There are several good state brush piles to fish in late spring and the main lake docks hold crappie, too. Troll the open water around the brush piles or shoot jigs to deeper docks in late spring to find the fish. Many crappie are also caught under the Little River bridge from late spring to summer.
One of the most peaceful places to catch crappie may also be the best to catch big crappie. Hamburg is a 225 acre lake located in Hamburg State Park just north of Sandersville. Motors are limited to 10 horsepower so the lake stays quiet and calm. You can camp there and boat rental is also available.
Although crappie you catch at Hamburg will average about a half-pound, there are a good many two-pound-plus fish in the lake. The lake is full of stumps and crappie love wood cover, so you can usually locate them fairly easily.
In the early spring look for stump beds and brush out from the bank and either troll carefully through the area or cast jigs to them. As the water warms cast jigs to all the shoreline cover or dabble minnows in it. In late spring troll the old river channel and fish the standing timber along it with jigs and minnows.
When fishing standing timber, try to find the depth the crappie are holding by spotting them on a depthfinder. If you can’t see the fish for the forest, drop a live minnow or jig down and work it deeper and deeper until you catch a crappie. When you catch one note the depth and concentrate on it, that is the depth most of the crappie should be holding.
Hartwell is a big lake with lots of arms and they all offer good crappie fishing. Different parts of the lake warm at different rates so you can usually find a variety of types of fishing at the same time. You can pick one area to fish and follow them as they move in or try to hit spawning crappie over different areas and extend that catch.
There was an excellent crappie spawn a few years ago after the water was down and that year class is getting bigger every year. They should be around 10 to 12 inches long this year and weigh about three-fourths of a pound. There are bigger crappie in the lake but for a good average size Hartwell should be excellent this year.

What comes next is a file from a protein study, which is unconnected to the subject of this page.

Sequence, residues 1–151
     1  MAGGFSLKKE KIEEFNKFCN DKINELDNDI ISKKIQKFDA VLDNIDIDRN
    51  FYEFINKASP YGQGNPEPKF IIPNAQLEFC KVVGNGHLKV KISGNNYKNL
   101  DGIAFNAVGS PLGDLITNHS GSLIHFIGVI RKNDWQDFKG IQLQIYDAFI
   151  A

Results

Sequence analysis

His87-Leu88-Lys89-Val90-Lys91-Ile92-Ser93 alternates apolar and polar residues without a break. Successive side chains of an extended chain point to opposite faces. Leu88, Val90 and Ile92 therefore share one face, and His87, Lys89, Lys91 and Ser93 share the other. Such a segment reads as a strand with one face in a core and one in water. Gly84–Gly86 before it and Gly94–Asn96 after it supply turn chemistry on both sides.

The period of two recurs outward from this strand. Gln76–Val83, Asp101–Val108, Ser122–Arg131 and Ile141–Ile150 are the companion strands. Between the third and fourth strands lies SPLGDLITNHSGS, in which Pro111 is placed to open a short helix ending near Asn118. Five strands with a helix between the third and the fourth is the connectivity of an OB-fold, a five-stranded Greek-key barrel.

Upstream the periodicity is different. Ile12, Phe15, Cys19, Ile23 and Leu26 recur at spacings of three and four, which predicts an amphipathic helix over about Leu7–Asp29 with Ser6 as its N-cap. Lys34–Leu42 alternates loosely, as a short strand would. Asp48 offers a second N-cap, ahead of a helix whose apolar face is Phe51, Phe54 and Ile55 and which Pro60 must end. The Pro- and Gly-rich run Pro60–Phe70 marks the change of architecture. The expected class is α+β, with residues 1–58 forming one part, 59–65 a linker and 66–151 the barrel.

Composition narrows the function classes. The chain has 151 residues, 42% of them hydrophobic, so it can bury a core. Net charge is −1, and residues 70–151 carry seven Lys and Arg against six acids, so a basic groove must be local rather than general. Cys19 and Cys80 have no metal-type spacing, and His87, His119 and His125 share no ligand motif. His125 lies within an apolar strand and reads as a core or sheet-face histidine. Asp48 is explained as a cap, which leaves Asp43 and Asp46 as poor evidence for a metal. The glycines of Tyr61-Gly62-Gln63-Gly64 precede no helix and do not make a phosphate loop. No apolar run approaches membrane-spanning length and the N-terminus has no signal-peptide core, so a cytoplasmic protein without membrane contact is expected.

Start looking for crappie over structure like roadbeds and standing timber near the mouths of coves and creeks in early March. As the water warms follow the schools back into the creeks and coves, trolling for them. Watch for schools of baitfish as well as the crappie as you troll. They will often follow the shad as them move in, too.
By early April the crappie should be back in the coves spawning around bushes and other cover. Check out Eastanollee, Gum Log and Shoal Creek for better chances at crappie since those creeks have more color to the water and you can catch more there. If the water is too clear it is hard to get them to bite if they are real shallow, and the stained water is more fertile and supports more fish.
Late in the spring follow the fish back out trolling the creek channels and over standing timber. Night fishing is excellent in the clear water under bridges and over the standing timber. Use a bright light and fish your favorite jig or live minnow. Try different depths until the fish start hitting and tell you where they are holding if you don’t see them on your depthfinder.
All of these lakes offer great crappie fishing this spring. Pick one near you or head out to find new waters. Don’t miss one of the best times of the year to catch crappie.